As we’ve established in earlier entries in this series, there are a few common themes when it comes to comic book adaptations of superhero movies. These include often being drawn by people who don’t know what the film is actually going to look like (understandable given production lead times), and often being written by dependable, workmanlike writers whose names don’t tend to stand out (understandable given the books’ priority in the overall creative strategies of their publishers).
But for the 2002 Spider-Man adaptation, Marvel broke some of those rules. First and foremost, one of the names on the cover was none other than Stan Lee (or, as he’ll always be known to me thanks to the Neversoft Spider-Man Playstation games, “Spider-Man CO-creator Stan Lee here”). To a hardcore comics fan, the presence of Stan Lee as a writer at any point after 1972 is not exactly something to cheer – this book was published only a year after the ill-fated Just Imagine Stan Lee Creating the DC Universe project began – but it’s undeniable that his presence will have helped the book stand out to a more casual fan, as he’s likely the only creative name that the majority of the film’s audience will have had a chance of having heard of.
That said, it’s not very difficult to detect the hand of another writer in this. There’s a “Special Thanks” credit to Brian Michael Bendis – then a couple of years into his Ultimate Spider-Man stint – and particularly in the early high school scenes, it feels like he was practically responsible for actually putting the thing together. Most noticeably, there’s a moment where Flash Thompson calls Peter Parker a “spaz” – something that sounds abhorrent to British sensibilities, but is apparently considered far less offensive in the US; but either way, it’s a word Bendis was using quite frequently in the early 2000s (often having the Ultimate version of Flash say it, in fact).
As an adaptation, the comic hits the movie almost beat for beat – unlike in some of these books, there are no missing scenes, so it gives every impression of having been constructed from something close to the shooting script. But dialogue is a different matter: some lines make it over from the film almost intact, but in other cases Lee (and for the most part, these do sound like Lee) replaces David Koepp’s words with his own brand of wisecrackery.
This makes for an awkward clash, though – a story that gives every impression of being a “modern” take on Spider-Man, but which at the same time has Spidey ask the Green Goblin “What are the rustoleum bills on an outfit like that?” or the Goblin say “But before I depart this vale of tears…”
There’s an inconsistent feel, too, to the way Peter’s narration and inner thoughts are conveyed – like the movie, the book opens and closes with a first-person narration (albeit one that, in wording, differs significantly from the script’s: no “Who am I? You sure you wanna know?” here), told in caption boxes in what was fast becoming a standard narrative technique for comics in the early 2000s. But later on we get Peter talking out loud to himself as he discovers his powers, and then a switch to full-on, retro-style thought bubbles. The bubbles and captions then share the duties alternately for the remainder of the narrative.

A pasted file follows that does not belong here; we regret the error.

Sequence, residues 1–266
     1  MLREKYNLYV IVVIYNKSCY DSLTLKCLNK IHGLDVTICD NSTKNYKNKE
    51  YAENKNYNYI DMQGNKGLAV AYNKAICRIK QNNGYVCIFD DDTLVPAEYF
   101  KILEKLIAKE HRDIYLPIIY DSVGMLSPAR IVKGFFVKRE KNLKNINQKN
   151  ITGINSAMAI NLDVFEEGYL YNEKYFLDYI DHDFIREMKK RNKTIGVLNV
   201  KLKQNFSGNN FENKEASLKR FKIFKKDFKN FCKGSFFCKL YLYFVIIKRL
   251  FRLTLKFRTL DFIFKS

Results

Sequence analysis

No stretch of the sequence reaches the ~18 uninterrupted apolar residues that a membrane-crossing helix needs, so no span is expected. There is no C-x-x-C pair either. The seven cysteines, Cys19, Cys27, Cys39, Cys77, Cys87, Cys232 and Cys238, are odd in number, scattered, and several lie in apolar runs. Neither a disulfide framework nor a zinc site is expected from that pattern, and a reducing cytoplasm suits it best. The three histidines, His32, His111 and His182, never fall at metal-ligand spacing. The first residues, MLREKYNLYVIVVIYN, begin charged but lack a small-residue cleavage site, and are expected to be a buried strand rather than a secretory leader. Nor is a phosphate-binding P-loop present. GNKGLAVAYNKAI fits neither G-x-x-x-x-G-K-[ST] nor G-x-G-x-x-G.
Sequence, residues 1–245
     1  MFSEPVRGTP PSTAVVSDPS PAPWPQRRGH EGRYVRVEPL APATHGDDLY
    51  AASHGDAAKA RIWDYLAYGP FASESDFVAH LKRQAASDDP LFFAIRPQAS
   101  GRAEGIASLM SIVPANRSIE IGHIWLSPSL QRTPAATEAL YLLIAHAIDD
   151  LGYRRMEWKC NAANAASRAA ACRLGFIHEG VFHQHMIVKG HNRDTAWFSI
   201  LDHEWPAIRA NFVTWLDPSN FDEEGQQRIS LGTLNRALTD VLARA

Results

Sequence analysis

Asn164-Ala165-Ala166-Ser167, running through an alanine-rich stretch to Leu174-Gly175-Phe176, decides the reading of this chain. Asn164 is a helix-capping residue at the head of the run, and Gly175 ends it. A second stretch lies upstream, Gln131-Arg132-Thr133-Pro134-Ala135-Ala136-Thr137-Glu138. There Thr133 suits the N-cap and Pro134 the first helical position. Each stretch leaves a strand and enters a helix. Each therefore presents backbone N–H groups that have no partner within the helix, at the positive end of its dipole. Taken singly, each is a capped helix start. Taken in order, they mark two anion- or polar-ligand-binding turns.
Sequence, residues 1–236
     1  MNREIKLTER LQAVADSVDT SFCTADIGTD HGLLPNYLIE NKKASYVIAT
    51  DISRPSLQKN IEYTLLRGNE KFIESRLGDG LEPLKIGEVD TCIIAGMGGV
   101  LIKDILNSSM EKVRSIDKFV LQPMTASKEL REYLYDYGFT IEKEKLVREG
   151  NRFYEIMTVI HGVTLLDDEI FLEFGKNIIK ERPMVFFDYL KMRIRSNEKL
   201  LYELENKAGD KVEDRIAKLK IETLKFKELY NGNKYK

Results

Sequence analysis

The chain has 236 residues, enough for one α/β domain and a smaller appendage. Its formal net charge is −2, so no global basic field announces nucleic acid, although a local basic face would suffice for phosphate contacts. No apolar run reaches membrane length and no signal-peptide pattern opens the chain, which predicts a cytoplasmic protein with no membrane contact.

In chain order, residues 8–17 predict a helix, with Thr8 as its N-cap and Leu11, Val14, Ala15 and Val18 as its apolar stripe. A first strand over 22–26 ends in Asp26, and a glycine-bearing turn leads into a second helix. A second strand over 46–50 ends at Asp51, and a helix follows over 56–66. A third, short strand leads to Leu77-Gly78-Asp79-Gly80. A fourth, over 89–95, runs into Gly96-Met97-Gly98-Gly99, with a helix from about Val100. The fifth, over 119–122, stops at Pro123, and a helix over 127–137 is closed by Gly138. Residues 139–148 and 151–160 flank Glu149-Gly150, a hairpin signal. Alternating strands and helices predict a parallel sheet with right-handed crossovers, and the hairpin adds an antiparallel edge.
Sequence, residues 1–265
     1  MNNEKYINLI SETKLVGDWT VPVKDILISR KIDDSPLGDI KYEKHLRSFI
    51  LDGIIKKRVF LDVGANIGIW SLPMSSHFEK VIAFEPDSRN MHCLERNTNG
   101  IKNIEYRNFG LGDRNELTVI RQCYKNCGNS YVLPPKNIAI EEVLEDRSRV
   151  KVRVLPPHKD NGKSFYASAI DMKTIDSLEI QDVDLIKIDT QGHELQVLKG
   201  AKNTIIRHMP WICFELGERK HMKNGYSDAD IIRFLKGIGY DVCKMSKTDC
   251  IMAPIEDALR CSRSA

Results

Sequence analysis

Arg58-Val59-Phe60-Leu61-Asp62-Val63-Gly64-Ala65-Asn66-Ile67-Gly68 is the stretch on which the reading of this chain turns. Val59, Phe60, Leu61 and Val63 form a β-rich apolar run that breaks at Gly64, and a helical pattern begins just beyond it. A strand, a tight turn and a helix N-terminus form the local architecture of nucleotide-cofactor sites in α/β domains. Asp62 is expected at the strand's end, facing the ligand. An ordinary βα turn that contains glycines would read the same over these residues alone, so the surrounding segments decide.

There’s a reasonably notable name on art duties, too, as Alan Davis – particularly known for his work on Captain Britain, Marvelman and various X-books in the 1980s – pencils, with long-time cohort Mark Farmer on inks. Pleasingly, Davis eschews simply drawing photo-references of stills from the movie, but still aims for actor likeness – although with varying degrees of success.
He gets Willem Dafoe pretty much dead on in every panel, but his Tobey Maguire is less convincing, and the attempt to do Peter’s significantly uncool movie haircut makes him look more like a receding-hairline thirtysomething (in fact, more than anything, he looks like Kevin Maguire’s Maxwell Lord). And you wouldn’t know Kirsten Dunst had played Mary Jane in the movie at all if you only had the somewhat generic female face she’s given here to go by.
The art is also a little inconsistent in how it approaches the movie version of Spidey’s costume – the opening splash, for example, seems to be an entirely comics-based image; but elsewhere, the raised webbing and triangular eyepieces that are the film outfit’s hallmark become more prominent.
He has a good stab at the Goblin costume – it actually looks fairly not-terrible throughout – and it’s clear that even if he hasn’t seen a full cut of the movie before drawing the book, he’s definitely at least seen the trailers: locations such as the Unity Festival and closing graveyard are rendered faithfully, as is Mary Jane’s outfit in the famous upside-down-kiss scene. Sadly, however, Bruce Campbell is not the wrestling announcer.
Spider-Man: The Official Movie Adaptation isn’t really a bad read, but it does little to distinguish itself in its own right (even down to the bland, poster-apeing cover), and the seeming clash of two different eras’ styles of storytelling does harm it in places. The biggest problem, though, is pacing – it’s hard enough to fit a whole movie’s narrative into an under-50-page comic, although in the right hands it has been shown to be possible.
Where Spider-Man struggles, though, is that so much of what makes the movie work is in character development rather than action – and in having to compress things down, so many of those moments feel rushed and undercooked. It’s a faithful enough rendition of what actually happens in the movie, but almost singularly fails to capture exactly why that movie is so magical.